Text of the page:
Skills & Expertise

What Does a Copy Editor Do?

If you're a super speller and a great grammarian, and have a killer eye for details, this always-in-demand role could be the one for you

Are you fanatical about the use or non-use of serial commas? Does misuse of “their,” “they’re,” and “there” drive you insane? Does an article that vacillates between “10” and “ten” make your blood boil? How about channeling that talent into a copy editor job?

We got a few professional copy editors extraordinaire to spill the beans for you on the position. Read what they had to say—we promise you won’t find any mistakes in our write-up.

What exactly does a copy editor do?

Sure, copy editors correct misspellings (it’s “supersede,” not “supercede”) and whip grammar into shape (between you and me, don’t let a writer get away with “between you and I”), but there’s a lot more to it.

These grammar Svengalis are also charged with reviewing content for proper punctuation, usage and syntax; creating and/or updating in-house style rules; fine-tuning structure, tone, and voice; and ensuring clarity, coherence, and logical flow and consistency in words, typography, art, and style.

“Style can include the specifics of any particular publishing company, as well as the type of guide being used, such as the Chicago Manual of Style,” says Ciara Larkin, a senior copy editor in book publishing at Thomson Reuters.

Some copy editors also function as proofreaders, fact-checkers, and even project managers who oversee workflow and communicate with other departments throughout the production process, Larkin says. At some companies, duties include performing rewrites, writing headlines, and reshaping leads.

What skills are required to be a copy editor?
This should go without saying, but what the heck: Know the English language like the back of your hand, says Larkin, who notes proper spelling and grammar are undervalued these days.

There’s no getting around attention to detail, says Jenna Rose Robbins, an editor, writer and web consultant at Siteseeing Media & Web Consulting. “And some people just can’t be taught because it requires a specific type of focus,” she adds. “I know some amazing line editors who are terrible copy editors.”

You need to know Associated Press and/or Chicago style. “This is just something that has to be learned, like memorizing the periodic table of the elements, only in more detail,” Robbins says.

You also need to be curious and crazy organized, says Jennifer Bright Reich, co-founder and editorial director of Momosa Publishing. The ability to meet deadlines is also important.

Who is a copy editor’s boss?
It varies by company, but a copy chief, editor-in-chief, or managing editor is the usual suspect.

What do you need to get ahead in this position?
It takes an undying desire to produce perfect copy to excel at this job. “Copy editing is one of those rare cases where perfectionism is an asset,” Robbins says.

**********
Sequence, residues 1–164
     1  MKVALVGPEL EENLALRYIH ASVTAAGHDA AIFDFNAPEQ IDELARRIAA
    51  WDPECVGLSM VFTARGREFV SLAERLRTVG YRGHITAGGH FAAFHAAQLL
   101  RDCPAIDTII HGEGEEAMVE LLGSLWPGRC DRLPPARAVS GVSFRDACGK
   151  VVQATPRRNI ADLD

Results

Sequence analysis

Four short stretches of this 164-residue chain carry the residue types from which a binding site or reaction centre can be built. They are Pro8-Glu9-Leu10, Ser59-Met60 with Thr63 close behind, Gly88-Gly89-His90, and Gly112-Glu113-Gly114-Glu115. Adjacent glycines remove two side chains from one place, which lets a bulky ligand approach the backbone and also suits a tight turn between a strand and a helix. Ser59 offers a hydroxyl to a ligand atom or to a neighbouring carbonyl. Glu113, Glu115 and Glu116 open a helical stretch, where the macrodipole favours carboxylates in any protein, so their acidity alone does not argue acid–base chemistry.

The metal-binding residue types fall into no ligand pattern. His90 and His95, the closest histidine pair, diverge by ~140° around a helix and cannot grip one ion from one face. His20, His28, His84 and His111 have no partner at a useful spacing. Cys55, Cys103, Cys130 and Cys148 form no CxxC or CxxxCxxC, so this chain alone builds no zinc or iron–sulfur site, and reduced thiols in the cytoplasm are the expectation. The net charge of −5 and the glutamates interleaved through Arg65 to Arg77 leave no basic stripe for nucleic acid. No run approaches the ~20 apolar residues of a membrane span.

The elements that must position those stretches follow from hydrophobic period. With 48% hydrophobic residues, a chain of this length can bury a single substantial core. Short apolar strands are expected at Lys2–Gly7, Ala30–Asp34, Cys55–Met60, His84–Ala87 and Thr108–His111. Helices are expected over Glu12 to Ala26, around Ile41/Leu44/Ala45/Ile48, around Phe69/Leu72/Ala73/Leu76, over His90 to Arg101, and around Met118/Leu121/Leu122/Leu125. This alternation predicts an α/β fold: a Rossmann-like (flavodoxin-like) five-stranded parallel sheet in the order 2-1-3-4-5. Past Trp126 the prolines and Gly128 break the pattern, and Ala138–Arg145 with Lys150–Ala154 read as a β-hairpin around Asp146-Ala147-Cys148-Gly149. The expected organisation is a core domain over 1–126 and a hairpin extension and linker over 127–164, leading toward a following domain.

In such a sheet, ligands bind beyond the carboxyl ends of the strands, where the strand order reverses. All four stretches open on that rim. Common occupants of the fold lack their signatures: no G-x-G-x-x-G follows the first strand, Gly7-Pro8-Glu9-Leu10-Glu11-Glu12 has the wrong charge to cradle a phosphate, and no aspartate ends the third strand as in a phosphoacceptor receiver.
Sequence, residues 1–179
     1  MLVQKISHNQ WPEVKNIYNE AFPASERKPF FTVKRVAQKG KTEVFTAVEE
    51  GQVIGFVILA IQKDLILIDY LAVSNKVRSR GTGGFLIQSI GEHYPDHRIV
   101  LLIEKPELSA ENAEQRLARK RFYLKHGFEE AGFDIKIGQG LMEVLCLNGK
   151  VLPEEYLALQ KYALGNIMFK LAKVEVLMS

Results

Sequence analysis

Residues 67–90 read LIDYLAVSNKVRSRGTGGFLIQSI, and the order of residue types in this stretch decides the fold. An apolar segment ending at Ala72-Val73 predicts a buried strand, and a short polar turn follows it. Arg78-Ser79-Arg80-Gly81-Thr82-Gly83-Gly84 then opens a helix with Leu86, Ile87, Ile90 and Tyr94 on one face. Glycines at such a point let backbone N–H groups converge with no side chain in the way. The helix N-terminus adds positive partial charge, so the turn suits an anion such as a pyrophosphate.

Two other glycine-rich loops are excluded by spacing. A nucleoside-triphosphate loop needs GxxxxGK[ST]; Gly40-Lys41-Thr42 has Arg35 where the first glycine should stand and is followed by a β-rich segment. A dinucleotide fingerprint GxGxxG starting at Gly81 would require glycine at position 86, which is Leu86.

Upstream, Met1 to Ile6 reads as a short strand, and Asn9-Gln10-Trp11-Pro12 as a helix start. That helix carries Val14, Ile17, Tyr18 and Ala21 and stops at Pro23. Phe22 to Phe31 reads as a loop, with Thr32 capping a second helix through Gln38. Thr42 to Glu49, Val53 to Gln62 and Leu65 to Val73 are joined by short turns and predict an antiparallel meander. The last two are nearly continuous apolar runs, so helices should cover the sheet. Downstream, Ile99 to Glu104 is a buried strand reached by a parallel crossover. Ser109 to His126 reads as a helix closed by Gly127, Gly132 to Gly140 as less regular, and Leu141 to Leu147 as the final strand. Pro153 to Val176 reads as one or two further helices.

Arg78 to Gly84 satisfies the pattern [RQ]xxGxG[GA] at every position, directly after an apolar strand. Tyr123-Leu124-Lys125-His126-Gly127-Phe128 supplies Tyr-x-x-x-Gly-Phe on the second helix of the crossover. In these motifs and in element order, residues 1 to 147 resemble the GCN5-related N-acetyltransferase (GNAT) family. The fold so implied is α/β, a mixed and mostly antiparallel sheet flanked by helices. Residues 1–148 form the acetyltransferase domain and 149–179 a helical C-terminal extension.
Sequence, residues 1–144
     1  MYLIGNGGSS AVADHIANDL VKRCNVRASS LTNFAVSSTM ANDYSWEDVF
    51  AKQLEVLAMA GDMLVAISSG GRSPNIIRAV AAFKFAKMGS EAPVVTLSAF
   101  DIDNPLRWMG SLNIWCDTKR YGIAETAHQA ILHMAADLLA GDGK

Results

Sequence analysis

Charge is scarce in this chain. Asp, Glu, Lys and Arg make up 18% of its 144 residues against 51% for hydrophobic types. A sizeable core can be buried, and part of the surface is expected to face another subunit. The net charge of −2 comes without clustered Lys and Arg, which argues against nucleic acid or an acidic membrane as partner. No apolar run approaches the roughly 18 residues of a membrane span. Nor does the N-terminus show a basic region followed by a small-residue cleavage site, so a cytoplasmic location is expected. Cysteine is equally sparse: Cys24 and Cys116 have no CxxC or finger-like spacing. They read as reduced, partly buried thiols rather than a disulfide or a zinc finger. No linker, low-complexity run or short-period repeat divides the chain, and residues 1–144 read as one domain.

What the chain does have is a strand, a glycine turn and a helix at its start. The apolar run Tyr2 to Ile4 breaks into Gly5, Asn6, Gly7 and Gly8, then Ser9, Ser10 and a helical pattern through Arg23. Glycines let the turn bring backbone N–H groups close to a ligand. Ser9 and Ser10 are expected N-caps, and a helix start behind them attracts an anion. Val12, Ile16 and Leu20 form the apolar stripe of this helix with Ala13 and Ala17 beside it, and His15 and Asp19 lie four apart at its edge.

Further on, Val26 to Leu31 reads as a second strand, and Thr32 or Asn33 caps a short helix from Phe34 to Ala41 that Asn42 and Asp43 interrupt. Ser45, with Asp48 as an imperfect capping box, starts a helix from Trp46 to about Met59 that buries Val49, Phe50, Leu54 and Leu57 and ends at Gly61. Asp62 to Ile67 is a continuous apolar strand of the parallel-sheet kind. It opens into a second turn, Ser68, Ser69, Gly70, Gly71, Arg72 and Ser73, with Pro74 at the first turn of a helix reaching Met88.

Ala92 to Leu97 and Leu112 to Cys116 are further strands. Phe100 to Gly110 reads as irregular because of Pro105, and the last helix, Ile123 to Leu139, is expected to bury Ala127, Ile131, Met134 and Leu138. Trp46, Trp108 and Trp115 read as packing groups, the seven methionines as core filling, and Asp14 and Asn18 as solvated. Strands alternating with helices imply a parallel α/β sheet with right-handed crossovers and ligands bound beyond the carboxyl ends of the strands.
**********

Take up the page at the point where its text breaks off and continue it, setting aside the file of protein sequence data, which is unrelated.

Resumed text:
How can you get your foot in the door?
A degree in journalism or English could help, but your knack for the English language is your ace in the hole. “I’ve never heard of anyone getting a copy-editing job based on a degree or certification,” says Robbins. “Almost every copy editor I’ve known has had impeccable grammar skills.” Show yours off by interning, freelancing, or starting your own sharply written, error-free blog.

How the future is shaping up for copy editors

As we wrap up this dive into the world of copy editing, let’s gaze into the crystal ball and explore what the future holds for this meticulous and crucial profession. The world of publishing and content creation is ever-evolving, and so is the role of a copy editor.

In the coming years, the rise of digital media and AI technologies will likely transform how copy editors work, but fear not – this is less about replacement and more about enhancement. For instance, while AI can help with basic spell checks and grammar, the nuanced understanding of context, style, and tone still lies in the human domain. Embracing these tech tools can free up your time for more complex editing tasks where your expertise truly shines.

Moreover, the increasing demand for content across diverse digital platforms presents new opportunities for copy editors. We’re talking about editing for websites, apps, multimedia presentations, and even virtual reality experiences. The core principles of clear, coherent, and engaging content remain the same, but the ways to apply them are multiplying.

For those looking to future-proof their copy editing career, it’s about being adaptable, continuously learning, and expanding your skills beyond traditional boundaries. Stay curious about new publishing platforms, familiarize yourself with basic SEO principles, and maybe dabble in some content strategy. Learn about new immersive technologies and gameplay.

Remember, at its heart, copy editing is about safeguarding the quality of information in an age of information overload. It’s a noble pursuit, and as we step into the future, your role becomes not just about correcting commas and catching typos but also about upholding the integrity and clarity of information in our digital world.

So, keep honing those skills, embrace the changes, and leap into the opportunities that lie ahead. The future of copy editing is bright and needs sharp minds like yours. Now go forth and edit boldly in this brave new world!

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